Ethical Investing  

The rise of impact investing

This article is part of
Guide to ethical investing

The firm’s headquarters which is based in London already uses 100 per cent renewable electricity.

Maarten Slendebroek, chief executive at Jupiter, said in a statement: “We believe our decision to target 100 per cent renewable electricity through RE100 highlights the alignment between our corporate strategy and our investment activities.

“As long-term active investors, we believe that climate change and energy transition carry risks and opportunities that warrant our attention. This initiative demonstrates Jupiter’s commitment to environmentally responsible corporate behaviour.”

Amanda Young, head of responsible investment at Aberdeen Standard Investments, observes: “The world faces a number of environmental and social challenges. The rise in technology and access to information has made these challenges very much part of public awareness.  

“People can now find out exactly where companies operate, the impact business has on the environment, how companies treat local communities and what affect business operations have on their employees. Companies cannot operate in isolation.”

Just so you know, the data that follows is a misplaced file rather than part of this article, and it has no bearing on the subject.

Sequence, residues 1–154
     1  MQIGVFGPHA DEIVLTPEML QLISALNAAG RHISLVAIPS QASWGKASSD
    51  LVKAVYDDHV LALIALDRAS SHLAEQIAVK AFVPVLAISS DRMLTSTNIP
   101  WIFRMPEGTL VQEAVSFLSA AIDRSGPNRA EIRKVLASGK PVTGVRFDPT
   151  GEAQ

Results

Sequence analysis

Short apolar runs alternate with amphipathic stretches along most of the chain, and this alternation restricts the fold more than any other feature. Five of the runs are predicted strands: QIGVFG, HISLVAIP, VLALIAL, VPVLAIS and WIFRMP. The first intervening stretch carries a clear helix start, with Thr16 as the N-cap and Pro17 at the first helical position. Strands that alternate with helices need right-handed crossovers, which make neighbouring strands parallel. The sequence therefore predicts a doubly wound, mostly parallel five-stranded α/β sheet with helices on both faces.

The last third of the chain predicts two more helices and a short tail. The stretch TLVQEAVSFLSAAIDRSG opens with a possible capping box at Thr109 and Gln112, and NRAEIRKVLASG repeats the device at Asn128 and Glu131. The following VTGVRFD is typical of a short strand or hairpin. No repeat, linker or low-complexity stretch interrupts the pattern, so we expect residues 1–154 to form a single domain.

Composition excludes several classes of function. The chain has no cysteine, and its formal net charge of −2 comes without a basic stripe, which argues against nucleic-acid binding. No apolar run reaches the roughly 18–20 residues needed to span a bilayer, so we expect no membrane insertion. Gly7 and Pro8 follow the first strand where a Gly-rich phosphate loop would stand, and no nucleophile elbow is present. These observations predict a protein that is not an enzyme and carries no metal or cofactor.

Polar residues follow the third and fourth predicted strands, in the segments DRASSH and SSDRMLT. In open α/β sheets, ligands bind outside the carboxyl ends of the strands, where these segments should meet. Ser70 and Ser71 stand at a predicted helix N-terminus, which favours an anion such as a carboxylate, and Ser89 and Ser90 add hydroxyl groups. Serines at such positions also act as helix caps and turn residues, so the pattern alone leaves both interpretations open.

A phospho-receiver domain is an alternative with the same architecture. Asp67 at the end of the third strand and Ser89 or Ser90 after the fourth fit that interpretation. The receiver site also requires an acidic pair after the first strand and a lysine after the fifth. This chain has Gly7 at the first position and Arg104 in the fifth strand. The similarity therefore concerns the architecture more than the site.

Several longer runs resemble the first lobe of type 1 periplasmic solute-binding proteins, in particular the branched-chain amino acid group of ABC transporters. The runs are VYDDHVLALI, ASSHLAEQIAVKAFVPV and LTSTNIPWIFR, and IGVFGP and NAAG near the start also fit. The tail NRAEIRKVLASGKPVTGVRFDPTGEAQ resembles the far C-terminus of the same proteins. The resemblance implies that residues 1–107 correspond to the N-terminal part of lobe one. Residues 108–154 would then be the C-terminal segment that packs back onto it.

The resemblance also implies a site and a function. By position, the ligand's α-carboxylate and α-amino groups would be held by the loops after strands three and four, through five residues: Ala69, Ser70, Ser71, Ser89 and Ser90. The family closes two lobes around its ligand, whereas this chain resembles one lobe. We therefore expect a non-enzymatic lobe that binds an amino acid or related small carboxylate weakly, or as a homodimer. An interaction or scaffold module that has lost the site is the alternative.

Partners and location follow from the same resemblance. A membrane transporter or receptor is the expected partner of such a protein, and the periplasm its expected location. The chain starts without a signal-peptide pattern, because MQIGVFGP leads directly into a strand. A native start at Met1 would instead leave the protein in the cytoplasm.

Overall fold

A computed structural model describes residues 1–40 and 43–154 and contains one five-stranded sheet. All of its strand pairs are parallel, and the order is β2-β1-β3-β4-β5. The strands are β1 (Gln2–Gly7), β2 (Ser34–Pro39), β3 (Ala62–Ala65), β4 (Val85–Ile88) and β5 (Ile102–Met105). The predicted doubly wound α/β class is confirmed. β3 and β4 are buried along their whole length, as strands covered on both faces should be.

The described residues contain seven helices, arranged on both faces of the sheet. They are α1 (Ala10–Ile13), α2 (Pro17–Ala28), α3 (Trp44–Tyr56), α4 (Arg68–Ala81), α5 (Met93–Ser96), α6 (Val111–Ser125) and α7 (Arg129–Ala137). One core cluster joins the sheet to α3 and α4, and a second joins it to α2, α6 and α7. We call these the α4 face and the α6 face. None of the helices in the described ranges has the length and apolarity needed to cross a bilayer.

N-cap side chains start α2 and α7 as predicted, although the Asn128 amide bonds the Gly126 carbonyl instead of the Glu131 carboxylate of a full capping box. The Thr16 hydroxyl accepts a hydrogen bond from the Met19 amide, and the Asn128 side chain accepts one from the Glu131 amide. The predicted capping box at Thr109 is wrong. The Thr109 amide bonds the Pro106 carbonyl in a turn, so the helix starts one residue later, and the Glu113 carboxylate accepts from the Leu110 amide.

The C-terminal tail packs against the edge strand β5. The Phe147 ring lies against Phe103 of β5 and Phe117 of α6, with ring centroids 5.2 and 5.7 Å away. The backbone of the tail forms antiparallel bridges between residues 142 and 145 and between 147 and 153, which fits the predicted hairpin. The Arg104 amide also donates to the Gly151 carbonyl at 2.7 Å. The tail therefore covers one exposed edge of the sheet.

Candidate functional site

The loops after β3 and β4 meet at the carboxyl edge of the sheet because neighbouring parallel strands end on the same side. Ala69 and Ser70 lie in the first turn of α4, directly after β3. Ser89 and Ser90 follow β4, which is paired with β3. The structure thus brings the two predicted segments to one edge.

This applies to asset management groups as well, of course.

Doing good

Impact investing is increasingly being adopted by responsible investors who seek to achieve positive social and environmental change while achieving a financial return, according to Perry Rudd, head of ethical research at Rathbone Greenbank Investments.

“This is often characterised as enabling investors to ‘do good while doing well’,” he notes. 

“Under this broad category, there are a number of more specialised approaches, including social investment, impact-first investment (where social return takes precedence over financial return) and social enterprise investment. These approaches can be applied across different asset classes, including equity, venture capital, debt and fixed income.”

He suggests: “As fiscal constraints make it increasingly difficult for governments to meet the funding requirements necessary to address the world’s most urgent challenges, impact investing is viewed as one of the potential sources of capital for under-resourced sectors such as social housing, healthcare and education. 

“In addition, it can also be used to support sectors providing environmental solutions or mitigating the damaging effects of climate change such as renewable energy, protection of natural capital and sustainable agriculture.”

Impact investing has been far more prevalent in the institutional investor space so far, but there are signs this is becoming a strategy more familiar to retail investors.

Matt Christensen, global head of responsible investment at Axa Investment Managers, admits it will take time for the market to mature and expand to the retail segment.